It’s a set of statistics that all of us have heard many times before: In the U.S., nearly half of the population doesn’t have $400 on hand in the event of sudden need, over a quarter of American households are un- or underbanked and 55 percent of American households are in some form of financial distress. Domestically, that adds up to about 70 million adults living at or near the margin of mainstream financial services. Worldwide, those figures swell to the 2 billion range.
That exclusion is costly and can be measured in dollars. Low income households pay roughly 10 percent of their disposable income on fees and interest payments. They also spend a lot of time managing their finances. Consumers without easy access to digital financial services channel spend a lot of time physically managing their financial lives.
No one thinks this is an ideal, or even something we should even tolerate. There’s almost no one out there who argues against the merits of serving the underserved — and the high cost of poverty doesn’t have many vocal advocates. That there should be more and better solutions to serve the currently underserved is not a controversial point.
Finding ways to do that — with a business model that delivers a return to those services providers — is another matter entirely. Low income consumers are low income — meaning it is hard to charge them directly (without running the risk of being exploitative) because individually they have very limited buying power.
But Propel, a Brooklyn-based startup that helps food stamp recipients manage their benefits through a mobile app, thinks that they may have found the start of a solution that is both publicly minded and commercially viable.
“What’s really amazing about Propel and its Fresh EBT product is they’ve identified a sustainable commercial model that puts generating value for the user at the center of it,” said Sarah Morgenstern, principal on the Financial Inclusion team at Omidyar Networks.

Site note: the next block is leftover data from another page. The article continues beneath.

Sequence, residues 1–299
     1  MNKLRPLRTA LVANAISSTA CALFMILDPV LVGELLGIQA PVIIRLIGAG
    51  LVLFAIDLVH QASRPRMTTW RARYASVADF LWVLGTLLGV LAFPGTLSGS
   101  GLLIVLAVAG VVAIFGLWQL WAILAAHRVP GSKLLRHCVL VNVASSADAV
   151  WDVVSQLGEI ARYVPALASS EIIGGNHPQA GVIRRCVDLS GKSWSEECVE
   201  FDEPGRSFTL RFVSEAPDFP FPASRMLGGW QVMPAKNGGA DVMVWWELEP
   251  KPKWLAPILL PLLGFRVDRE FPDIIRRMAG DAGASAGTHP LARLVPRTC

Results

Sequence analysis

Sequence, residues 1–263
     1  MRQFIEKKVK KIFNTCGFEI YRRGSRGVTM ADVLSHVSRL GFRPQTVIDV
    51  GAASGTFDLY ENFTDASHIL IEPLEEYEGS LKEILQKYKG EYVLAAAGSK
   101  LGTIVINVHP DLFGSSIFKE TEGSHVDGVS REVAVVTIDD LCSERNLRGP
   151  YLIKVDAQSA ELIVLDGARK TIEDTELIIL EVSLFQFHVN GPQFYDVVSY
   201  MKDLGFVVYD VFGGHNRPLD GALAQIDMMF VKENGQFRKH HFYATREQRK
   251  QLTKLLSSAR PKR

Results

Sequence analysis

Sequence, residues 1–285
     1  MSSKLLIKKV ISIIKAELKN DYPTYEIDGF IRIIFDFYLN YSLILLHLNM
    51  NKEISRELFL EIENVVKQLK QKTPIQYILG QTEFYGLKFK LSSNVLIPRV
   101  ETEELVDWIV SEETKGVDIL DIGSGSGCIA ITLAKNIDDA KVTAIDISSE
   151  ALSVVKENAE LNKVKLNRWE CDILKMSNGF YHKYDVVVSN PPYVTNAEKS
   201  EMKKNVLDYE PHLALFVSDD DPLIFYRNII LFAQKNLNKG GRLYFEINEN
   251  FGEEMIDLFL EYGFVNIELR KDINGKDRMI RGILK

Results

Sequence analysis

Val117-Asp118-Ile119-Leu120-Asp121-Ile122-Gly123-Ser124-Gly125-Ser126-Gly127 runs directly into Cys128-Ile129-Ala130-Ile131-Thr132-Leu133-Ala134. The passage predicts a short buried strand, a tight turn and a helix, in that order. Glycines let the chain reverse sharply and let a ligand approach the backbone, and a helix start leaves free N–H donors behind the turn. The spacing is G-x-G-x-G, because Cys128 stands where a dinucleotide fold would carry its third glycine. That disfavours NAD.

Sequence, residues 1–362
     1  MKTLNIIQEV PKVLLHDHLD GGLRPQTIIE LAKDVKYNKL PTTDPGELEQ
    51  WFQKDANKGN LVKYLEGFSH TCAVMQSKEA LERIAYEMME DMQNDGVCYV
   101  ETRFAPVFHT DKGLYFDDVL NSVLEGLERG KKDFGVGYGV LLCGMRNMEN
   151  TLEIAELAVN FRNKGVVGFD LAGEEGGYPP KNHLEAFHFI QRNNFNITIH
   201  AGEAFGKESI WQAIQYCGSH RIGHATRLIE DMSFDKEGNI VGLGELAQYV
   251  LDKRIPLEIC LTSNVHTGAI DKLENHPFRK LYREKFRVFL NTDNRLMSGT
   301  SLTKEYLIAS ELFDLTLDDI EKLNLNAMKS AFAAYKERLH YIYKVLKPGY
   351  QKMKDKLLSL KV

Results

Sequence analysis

Omidyar recently participated in Propel’s $4 million seed funding round. Other investors included high-profile names like Andreessen Horowitz, NBA player Kevin Durant’s The Durant Company and Max Levchin’s SciFi VC. Previous investors Jay Borenstein, WinWin and the Financial Solutions Lab at the Center for Financial Services Innovation also participated.
“I think what is exciting about Propel for us is we really got to see the potential of applying the customer centric mindset of Steve Jobs or Jeff Bezos to under-looked consumers,” Morgenstern told Karen Webster in a recent conversation about Omidyar’s investment in Propel.
Morgenstern said that her enthusiasm for Fresh EBT is that it is aligned with Omidyar’s focus: the 55 percent of Americans who struggle to achieve financial health. Morgenstern said that the market is huge at $140 billion, and it was satisfying for she and her colleagues to see Propel so invested in serving this enormous user base with a business model that is sensitive to the interests of all parties.
Serving the Hard to Serve